While I have not yet personally experienced any Eureka! moments in my meditation practice, there is something unquestionably calming and reassuring that takes place each and every time I sit on my mat.  I can’t exactly explain what the sensation is, other than to say I never feel entirely alone when I meditate.  Now hang on – I don’t mean I believe there is a ghost sitting next to my cushion.  There IS, however, the impression of a greater energy than mine alone.

It was this sense of connectedness that served as the foundation for all my other spiritual revelations.  It played right into my love of all things science (i.e., the Law of Conservation of Energy in the physical sciences states that energy can neither be created nor destroyed; it can only be transformed of transferred), while also conforming with my belief that, not only do we humans not know everything there is to know about anything, but that there exists a higher energy form much more advanced than we could ever imagine.

After all, the thought that humans are the most intellectually and emotionally advanced beings out there is not only depressing, it’s downright terrifying.

The aspect of my spirituality that took the longest to emerge clearly was my core values.  Core values are those ideals that comprise the foundation of our personal beliefs and serve as our internal moral compass.  We all have them.  We just might not always be aware of them.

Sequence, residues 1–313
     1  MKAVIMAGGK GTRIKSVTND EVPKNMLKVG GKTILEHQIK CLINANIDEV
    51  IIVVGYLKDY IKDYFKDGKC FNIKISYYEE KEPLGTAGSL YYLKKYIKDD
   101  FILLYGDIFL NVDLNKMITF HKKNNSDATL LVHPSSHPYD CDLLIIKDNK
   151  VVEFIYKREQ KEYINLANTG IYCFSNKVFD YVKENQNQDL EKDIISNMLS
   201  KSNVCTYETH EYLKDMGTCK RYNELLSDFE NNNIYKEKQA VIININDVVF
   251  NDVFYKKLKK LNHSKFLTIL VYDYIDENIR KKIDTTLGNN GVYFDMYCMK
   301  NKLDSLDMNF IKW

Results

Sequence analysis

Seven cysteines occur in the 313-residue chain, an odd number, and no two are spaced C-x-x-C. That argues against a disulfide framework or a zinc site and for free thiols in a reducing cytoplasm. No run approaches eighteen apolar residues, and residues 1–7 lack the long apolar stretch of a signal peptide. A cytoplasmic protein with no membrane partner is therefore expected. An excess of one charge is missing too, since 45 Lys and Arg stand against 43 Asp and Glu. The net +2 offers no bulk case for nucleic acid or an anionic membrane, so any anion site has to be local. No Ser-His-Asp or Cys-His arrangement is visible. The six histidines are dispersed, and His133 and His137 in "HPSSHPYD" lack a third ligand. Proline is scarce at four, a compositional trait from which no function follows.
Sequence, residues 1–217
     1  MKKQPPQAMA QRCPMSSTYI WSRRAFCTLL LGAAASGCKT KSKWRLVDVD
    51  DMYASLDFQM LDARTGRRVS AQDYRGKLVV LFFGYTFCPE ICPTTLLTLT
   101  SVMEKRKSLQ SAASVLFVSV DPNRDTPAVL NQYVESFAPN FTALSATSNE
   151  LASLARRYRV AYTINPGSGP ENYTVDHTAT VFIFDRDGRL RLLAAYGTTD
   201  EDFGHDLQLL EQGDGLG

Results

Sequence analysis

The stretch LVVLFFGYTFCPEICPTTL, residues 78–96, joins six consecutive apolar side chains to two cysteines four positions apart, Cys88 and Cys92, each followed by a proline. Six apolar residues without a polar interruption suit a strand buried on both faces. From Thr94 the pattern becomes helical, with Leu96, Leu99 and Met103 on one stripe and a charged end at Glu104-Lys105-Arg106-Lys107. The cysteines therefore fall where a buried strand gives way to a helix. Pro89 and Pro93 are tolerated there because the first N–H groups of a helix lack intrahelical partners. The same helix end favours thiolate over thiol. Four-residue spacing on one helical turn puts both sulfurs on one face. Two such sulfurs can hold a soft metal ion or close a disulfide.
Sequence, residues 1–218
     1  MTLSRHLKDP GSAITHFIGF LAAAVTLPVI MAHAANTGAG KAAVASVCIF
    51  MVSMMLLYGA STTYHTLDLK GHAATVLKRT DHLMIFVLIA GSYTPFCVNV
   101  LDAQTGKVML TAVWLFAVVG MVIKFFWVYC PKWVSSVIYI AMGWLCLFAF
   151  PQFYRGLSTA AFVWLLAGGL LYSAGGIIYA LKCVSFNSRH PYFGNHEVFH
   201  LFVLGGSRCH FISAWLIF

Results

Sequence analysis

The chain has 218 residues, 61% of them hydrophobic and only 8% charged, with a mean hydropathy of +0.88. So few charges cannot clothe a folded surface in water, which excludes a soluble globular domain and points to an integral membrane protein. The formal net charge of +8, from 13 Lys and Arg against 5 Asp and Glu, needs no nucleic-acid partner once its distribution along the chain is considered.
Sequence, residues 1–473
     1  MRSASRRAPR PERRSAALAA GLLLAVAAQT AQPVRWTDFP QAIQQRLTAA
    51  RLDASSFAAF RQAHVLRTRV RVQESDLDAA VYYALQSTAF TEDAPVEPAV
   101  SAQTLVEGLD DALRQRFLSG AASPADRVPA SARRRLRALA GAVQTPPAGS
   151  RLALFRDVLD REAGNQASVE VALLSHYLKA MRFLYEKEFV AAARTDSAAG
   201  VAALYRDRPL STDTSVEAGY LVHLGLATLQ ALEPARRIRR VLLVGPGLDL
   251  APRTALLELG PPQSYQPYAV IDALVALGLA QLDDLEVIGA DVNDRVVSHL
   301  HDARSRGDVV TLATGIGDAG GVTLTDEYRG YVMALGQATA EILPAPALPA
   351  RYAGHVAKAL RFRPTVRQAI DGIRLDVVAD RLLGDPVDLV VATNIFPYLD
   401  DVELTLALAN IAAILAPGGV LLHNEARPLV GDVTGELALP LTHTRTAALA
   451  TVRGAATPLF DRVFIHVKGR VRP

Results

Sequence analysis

These core values might evolve and change over time, but a group of them is always present, guiding our behaviour and decision-making. 

As we age and gain new experiences, our core values advance with us.  The more self-aware we become, the more influence we exert over our core values. 

At this stage in my life, I look at my core values as those things I hope people close to me would say about me at my funeral.  The 4 principles currently trying to guide me through life are compassion, respect, contribution, and inner peace.

My spirituality flourishes when my life is most aligned with these 4 values, but that doesn’t mean I don’t struggle with any one – or several – of them at any time.  In fact, at this moment, several of my core values are intertwined in a battle that currently has a few of them at odds with one another.  For example, my desire to contribute to the world is over-active at present, which is increasing the likelihood that I will experience sleep-deprivation on any given day.  This in turn, tends to cause me to lash out at those closest to me – the very people for whom I try to live my life guided by my moral compass.  But when I do lash out, it flies in the face of both respect and compassion, which then disrupts my inner peace, and makes sleeping difficult.  A self-fulfilling cycle would emerge if I didn’t constantly return to my mat and my place of quiet introspection and serenity.